Kanban rather than KM

While studying Lean in general and Kanban in particular (and making the same bias as the KM evangelists, i.e establishing relationships that may not be relevant between two disciplines I’m passionate about) I’ve noticed this common trait with Social Software.

By making the flow of work visible through actionable information, these simple tools lower the level of water and allow to surface deeply hidden organisation problems. One of the most common reason Kanban projects are aborted is because while they surface these problems, people think Kanban is broken and cannot work in their organisation.

While making information flowing through simple and not prescriptive systems, Social Software is pretty similar to Kanban in that respect. So rather than asking how can we tweak Social Software to adapt it to our organisation, maybe we should ask how can we use these tools as reagents to surface organisations hidden problems. Put in another way : ask “how can we use it to discover unknown problems” rather than “what problem does it fix”.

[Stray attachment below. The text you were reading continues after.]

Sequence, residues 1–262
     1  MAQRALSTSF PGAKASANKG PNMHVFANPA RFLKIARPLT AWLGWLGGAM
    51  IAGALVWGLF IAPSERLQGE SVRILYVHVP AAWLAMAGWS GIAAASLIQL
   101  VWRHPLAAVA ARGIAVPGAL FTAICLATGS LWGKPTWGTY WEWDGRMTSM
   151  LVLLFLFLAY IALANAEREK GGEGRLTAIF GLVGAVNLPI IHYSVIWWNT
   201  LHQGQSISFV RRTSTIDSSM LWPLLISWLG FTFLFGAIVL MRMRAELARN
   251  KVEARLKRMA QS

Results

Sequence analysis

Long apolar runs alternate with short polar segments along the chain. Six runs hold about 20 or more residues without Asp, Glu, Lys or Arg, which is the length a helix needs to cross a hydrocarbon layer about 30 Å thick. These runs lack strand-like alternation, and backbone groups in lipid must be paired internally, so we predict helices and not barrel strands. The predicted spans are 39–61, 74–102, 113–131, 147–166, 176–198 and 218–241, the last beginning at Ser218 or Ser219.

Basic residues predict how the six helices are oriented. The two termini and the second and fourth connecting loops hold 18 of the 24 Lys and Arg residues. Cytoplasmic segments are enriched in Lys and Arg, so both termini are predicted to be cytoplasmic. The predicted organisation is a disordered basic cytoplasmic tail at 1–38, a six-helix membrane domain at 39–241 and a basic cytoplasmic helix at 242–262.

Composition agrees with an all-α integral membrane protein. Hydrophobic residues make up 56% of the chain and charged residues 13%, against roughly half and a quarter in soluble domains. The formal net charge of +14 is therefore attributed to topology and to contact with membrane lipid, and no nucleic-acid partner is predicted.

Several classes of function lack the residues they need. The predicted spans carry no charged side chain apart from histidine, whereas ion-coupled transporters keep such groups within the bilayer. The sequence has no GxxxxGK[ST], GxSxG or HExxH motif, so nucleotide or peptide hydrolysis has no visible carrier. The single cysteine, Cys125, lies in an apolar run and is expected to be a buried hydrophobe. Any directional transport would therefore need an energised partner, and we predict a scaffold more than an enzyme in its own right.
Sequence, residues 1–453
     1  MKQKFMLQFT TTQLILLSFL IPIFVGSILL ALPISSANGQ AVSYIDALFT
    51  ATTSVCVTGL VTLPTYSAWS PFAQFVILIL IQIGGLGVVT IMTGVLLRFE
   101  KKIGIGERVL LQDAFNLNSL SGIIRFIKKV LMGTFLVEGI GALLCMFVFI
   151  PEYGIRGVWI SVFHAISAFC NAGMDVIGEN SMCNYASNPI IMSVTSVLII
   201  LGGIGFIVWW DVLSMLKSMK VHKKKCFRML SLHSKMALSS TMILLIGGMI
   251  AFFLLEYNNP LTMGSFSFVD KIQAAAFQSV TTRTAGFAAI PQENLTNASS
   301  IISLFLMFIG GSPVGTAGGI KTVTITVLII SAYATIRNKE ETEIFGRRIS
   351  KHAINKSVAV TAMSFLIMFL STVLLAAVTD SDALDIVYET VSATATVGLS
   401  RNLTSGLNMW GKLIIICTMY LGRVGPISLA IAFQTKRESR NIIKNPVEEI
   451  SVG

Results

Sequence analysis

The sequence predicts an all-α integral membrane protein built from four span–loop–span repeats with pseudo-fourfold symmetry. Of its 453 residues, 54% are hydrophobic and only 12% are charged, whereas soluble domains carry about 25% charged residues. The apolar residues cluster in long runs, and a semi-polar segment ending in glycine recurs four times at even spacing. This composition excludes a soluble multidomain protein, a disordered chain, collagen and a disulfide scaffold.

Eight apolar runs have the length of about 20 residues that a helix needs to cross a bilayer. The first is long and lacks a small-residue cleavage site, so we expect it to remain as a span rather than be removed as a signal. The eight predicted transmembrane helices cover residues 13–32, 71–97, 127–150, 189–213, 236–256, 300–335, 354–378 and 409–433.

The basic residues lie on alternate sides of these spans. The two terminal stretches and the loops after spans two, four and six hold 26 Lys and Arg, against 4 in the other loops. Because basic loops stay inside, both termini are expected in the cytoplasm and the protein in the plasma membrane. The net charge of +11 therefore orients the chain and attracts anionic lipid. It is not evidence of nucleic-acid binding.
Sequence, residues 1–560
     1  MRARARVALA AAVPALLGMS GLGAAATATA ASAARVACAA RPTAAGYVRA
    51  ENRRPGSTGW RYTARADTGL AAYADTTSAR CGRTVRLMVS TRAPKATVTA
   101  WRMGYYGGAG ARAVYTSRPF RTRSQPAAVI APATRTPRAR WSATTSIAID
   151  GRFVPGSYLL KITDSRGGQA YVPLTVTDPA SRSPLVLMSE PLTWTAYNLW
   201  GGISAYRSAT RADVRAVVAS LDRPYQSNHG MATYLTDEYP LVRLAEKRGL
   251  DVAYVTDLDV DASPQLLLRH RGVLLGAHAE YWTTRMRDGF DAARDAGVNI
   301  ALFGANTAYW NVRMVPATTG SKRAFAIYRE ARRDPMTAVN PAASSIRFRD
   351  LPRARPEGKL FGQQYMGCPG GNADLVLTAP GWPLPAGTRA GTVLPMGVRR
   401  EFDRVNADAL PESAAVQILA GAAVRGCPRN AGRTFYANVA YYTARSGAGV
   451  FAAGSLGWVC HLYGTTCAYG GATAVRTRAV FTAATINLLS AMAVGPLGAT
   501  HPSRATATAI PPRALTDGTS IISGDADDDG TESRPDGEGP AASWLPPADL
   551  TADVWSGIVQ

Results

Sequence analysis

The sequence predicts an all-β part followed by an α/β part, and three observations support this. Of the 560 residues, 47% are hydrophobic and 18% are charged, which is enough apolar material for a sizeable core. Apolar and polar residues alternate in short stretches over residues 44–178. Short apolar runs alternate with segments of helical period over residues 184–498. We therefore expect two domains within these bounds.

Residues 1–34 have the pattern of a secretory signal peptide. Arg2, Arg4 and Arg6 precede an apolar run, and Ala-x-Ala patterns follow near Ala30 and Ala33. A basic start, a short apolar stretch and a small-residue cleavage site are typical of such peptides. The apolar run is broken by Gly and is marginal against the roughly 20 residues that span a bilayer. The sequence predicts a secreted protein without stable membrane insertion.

This adoption question also brings us to the more general issue of the growing contrast between the pace at which new technologies emerge and the pace at which organisations adopt them, but this will be the subject of another post.

Like Cecil, I’ve also considered the relationship between social software and “lean“. I think enabling lean work processes is a fundamental reason for using social software in the enterprise.

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